February feels dreary on the river. The oar rubs bloody blisters into my palms, and when we dock, he asks how I like starboard side. Because I will not admit how difficult it is, I just say that the water is nice — it is; it’s glass — and he says, You’re a fighter, kid. I say, Sometimes I don’t think I’m good for the team. We are silent, and I think: Wait, that’s not true at all. I don’t believe that. Where did that come from? I realize it’s something he has told me over and over, and I think he realizes this, too, because he takes a moment to wipe the sweat from his brow and squints against the gray sky. Have you ever stopped trying? he asks. We both know I have not.
I see him walking out of a building downtown. It’s a psychiatrist’s office. He asks me not to tell anyone.
The truth is I really was a pain in the ass. I asked too many questions. I fought back. I remembered the promises he didn’t keep. When he trusted me to hold a thirty-six, I let him down.
His director criticizes him for the way he treats his rowers, for his disregard for anyone’s opinions but his own: Maybe 4 AM is too early to practice. Maybe the team shouldn’t drive through the night to races in other states. Everyone tries to be gentle with him but nothing changes. He yells and stomps and storms, and he is hated, but his boats are faster than anyone else’s. Parents cringe at the comments he makes over the loudspeaker. Other teams report him. Officials give him warnings. The university gives him warnings. I have to sit in on the meetings because I am the team president, but I am silent: the honorable thing. You won’t make me leave, he says. It’s not just about winning, they tell him.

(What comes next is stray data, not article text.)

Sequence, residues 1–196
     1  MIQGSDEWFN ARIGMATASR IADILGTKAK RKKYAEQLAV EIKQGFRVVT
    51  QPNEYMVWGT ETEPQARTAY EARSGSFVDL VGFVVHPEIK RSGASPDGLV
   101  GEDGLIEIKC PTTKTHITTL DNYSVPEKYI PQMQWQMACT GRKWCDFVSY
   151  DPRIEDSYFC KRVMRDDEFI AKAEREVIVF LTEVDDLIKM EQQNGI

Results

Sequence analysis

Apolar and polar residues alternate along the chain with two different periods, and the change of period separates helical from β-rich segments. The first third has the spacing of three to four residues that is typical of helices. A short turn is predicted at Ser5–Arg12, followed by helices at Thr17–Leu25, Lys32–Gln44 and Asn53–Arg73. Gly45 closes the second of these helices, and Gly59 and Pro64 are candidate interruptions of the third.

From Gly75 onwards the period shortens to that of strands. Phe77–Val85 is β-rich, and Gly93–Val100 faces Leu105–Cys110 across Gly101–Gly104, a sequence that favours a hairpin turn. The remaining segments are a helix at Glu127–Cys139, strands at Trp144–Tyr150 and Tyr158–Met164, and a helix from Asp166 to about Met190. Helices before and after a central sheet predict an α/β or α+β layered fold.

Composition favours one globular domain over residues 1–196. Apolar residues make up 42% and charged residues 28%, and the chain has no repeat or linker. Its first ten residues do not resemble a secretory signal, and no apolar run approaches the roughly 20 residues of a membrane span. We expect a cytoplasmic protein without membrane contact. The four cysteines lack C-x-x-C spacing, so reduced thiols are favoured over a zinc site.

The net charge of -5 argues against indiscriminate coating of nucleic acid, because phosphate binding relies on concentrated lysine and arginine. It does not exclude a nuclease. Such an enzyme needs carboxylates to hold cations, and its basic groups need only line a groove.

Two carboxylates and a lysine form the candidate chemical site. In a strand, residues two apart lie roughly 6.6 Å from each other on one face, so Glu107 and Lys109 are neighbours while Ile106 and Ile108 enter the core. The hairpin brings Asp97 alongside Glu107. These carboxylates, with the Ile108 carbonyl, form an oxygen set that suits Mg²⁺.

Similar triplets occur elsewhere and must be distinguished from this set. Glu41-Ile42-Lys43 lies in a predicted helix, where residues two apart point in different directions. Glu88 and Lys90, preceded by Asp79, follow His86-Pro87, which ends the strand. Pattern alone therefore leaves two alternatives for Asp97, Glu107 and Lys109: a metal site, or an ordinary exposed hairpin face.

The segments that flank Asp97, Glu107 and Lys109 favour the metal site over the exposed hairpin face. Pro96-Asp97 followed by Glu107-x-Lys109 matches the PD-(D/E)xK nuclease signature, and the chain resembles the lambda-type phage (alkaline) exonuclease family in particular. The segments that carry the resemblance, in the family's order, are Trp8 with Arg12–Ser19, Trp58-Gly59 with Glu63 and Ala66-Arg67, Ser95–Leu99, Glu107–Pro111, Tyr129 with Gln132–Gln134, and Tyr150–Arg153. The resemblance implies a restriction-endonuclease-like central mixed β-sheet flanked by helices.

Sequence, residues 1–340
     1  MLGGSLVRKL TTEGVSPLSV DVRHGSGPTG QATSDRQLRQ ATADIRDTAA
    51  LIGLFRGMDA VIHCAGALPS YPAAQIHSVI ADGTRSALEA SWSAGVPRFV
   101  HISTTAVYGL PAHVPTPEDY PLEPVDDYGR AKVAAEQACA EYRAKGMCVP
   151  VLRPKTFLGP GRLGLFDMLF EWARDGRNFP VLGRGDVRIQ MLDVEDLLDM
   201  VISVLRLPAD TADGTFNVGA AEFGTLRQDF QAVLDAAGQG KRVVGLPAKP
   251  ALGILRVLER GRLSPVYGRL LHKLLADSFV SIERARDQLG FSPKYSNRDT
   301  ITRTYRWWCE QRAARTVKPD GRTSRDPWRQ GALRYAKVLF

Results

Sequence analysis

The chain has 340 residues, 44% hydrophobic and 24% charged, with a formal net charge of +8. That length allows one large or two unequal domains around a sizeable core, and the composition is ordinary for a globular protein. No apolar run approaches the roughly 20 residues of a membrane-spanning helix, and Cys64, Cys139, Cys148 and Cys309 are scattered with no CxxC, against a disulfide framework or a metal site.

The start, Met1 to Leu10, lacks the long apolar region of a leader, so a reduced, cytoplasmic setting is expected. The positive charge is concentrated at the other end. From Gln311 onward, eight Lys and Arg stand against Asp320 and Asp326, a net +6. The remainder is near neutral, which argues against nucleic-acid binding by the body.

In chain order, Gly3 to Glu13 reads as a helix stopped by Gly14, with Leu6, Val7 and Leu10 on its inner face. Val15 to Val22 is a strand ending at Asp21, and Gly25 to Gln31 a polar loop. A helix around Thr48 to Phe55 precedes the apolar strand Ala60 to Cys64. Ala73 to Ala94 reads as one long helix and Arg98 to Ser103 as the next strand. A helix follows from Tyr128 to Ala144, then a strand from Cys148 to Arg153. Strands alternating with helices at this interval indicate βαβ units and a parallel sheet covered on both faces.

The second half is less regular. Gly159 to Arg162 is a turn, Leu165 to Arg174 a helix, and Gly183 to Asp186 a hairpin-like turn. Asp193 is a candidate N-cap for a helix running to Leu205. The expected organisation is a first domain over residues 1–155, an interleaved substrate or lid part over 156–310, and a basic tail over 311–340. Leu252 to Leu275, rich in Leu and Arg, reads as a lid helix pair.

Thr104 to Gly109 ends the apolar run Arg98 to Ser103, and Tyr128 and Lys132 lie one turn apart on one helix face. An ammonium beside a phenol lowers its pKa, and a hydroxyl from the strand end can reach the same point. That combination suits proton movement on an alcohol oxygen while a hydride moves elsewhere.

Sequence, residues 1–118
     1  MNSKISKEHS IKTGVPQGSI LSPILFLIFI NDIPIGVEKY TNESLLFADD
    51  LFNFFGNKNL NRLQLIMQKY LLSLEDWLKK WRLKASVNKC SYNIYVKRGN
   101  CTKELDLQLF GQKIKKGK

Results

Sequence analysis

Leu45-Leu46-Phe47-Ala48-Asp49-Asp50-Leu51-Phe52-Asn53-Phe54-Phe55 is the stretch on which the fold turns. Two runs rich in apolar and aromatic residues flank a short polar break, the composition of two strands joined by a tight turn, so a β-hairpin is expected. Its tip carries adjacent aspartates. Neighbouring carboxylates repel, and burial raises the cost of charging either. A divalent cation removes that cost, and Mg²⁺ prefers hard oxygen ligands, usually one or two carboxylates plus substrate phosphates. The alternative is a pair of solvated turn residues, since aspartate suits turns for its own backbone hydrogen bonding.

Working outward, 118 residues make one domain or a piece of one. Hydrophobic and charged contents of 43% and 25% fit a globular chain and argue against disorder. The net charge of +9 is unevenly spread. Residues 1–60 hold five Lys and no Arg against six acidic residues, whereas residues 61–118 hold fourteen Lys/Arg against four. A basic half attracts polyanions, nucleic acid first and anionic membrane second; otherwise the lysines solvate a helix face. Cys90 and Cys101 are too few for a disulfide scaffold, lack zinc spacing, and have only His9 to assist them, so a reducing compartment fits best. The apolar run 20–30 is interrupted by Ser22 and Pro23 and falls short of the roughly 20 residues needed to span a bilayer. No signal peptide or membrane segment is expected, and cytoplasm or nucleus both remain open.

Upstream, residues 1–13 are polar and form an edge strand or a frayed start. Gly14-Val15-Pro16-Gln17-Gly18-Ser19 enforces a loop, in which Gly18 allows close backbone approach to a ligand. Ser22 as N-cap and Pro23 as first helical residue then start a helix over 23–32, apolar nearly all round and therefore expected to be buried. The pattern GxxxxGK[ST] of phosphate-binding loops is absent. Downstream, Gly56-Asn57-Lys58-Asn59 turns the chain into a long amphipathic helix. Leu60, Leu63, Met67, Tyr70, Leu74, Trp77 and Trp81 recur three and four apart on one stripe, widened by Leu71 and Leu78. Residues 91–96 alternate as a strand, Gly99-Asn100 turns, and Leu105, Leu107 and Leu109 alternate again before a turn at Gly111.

Tomorrow’s championship represents the completion of my collegiate rowing career — four years of morning training and fast boats and winning records. I never missed a practice, and if the world is fair, he will thank me or at least he won’t compare me to a lawn gnome, and I will believe that we got somewhere together. I’m polishing these hopes from my seat in the hotel lobby when he plops onto the couch next to me and asks how I feel about being done. Then, without waiting for my answer, he says, You see, I taught you not to quit no matter what, and that is a lesson you can take anywhere. I nod and then promptly take that lesson across the street to a pub, where I order a beer, even though it’s almost midnight and we race in eight hours. The bartender recognizes my rowing jacket and says he’s a former rower himself. I mention the race tomorrow, and he seems to understand what it means to be drinking the night before a championship. He tells me the story of Xeno Müller, a Swiss rower with two Olympic medals to his name who was sitting at a starting line to qualify for the 2004 Athens Olympics when, moments before the buzzer for a race he almost certainly would have won, he calmly rowed himself back to the docks and put his boat away. You can quit, the bartender tells me. Just like that. I draw circles in the condensation of my glass and wonder what it would be like to let someone else mark the rate and shoulder the weight of the outcome. And yet. I know I’ll wake up in the morning and pull as hard as I can into whatever head wind drives across the river this year and have the right to say, I didn’t quit! to the man who spent four years telling me I would, and who would have been happier if I did, but who will now claim even the tiny sliver of accomplishment that I earn by proving him wrong.